We repudiate this political assassination, and we repudiate the motivations behind it. We reject totally any call for revenge and state unambiguously that there are no circumstances in which Real IRA activity against republicans or others could be justified. We call for an open inquiry monitored by international observers. We cannot abide the tragedy of this country’s history repeating itself in the murder of Irishmen by Irishmen in accordance with the needs of the British. What difference is there between the Free State murder of Rory O’Connor in defence of the 1922 British treaty and the murder of Joseph O’Connor in defence of the 1998 British treaty? Are the politics of Stormont republicanism so insecure and suspect that murder of republicans is required in their defence?
Assassination of republican by republican can never lay the foundation for a just and lasting peace. We do not believe actions such as the murder of Joseph O’Connor will lead us into a United Ireland, transitional or otherwise. We do not think the threats and intimidation that have surrounded Republicanism prior to Joseph O’Connor’s death and those threats sure to come indicate any hope for justice or freedom.
Friday’s murder has fuelled our increasing doubts as to whether our part in this war has been worth it. What did we fight to achieve? The state murder of republicans in order to secure political cleansing and impose conformity is not what our war was waged for. It is a most dishonourable outcome to an honourable struggle. We will never support the politics or politicians that this type of killing serves. We shall confront them at every turn through a strategy of relentless open critique. Armed only with the moral force of our ideas we shall promote republicanism and intellectual freedom against the now malign physical force of their guns. Republicanism should never again use guns in pursuit of its ideals but if we are unwilling to face guns in defence of those ideals we shall have neither ideals nor dignity.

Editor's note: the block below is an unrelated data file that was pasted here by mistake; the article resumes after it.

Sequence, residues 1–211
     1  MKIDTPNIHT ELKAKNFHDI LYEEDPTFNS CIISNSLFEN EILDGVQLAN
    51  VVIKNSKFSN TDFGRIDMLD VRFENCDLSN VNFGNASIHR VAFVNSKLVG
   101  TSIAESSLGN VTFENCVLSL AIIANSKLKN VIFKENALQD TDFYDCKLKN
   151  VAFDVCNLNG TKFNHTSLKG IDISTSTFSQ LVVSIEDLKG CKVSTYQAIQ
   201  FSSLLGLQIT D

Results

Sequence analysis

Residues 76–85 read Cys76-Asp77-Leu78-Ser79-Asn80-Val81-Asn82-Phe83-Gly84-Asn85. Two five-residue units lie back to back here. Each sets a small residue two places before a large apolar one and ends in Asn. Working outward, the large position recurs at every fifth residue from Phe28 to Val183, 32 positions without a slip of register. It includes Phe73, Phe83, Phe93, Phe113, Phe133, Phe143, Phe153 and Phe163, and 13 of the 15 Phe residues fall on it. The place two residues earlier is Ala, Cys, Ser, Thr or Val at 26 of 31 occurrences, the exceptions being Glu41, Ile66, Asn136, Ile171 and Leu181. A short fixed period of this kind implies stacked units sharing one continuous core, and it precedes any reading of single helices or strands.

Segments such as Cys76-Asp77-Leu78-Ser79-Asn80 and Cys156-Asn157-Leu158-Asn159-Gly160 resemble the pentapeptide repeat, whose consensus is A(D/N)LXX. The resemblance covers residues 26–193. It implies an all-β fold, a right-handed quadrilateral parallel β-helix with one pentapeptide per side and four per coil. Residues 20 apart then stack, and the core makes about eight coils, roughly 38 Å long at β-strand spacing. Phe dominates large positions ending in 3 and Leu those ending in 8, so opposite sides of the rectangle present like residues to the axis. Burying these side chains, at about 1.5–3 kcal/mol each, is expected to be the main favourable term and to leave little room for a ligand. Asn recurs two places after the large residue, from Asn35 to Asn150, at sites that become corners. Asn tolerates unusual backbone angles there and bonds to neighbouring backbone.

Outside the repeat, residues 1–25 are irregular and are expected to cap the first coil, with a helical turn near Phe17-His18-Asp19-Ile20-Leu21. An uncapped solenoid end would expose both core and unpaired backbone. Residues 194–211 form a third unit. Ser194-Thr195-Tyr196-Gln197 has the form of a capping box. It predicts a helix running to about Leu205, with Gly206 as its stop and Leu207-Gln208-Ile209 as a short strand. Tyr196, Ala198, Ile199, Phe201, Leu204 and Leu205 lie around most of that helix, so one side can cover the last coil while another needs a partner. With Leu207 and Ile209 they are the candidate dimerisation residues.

Anthony McIntyre and Tommy Gorman
Irish Republican Writers Group
17 October, 2000
The Irish Republican Writers Group condemns the sinister afternoon visit (17.10.00) to the home of Anthony McIntyre by leading members of the Provisional Republican Movement. We regard this as an attempt to intimidate, threaten, and frighten into silence both Anthony McIntyre and Tommy Gorman.
Anthony McIntyre and Tommy Gorman have made it clear that they are not spokespersons for any organisation apart from the IRWG. They are determined however that they will not remain silent about the murder of another republican.
Their position and that of the IRWG is unambiguous. No party has the right to kill a republican and thereafter escape public condemnation for their actions. To allow any party to do so would be to invite a situation similar to that pertaining to the Argentina of the Generals – where political opponents could disappear without trace or explanation and where a political opinion is held subject to the tolerance of the assassin.
The IRWG calls on all others who value freedom of speech, expression and conscience to publicly state their support for the stand taken by these two men.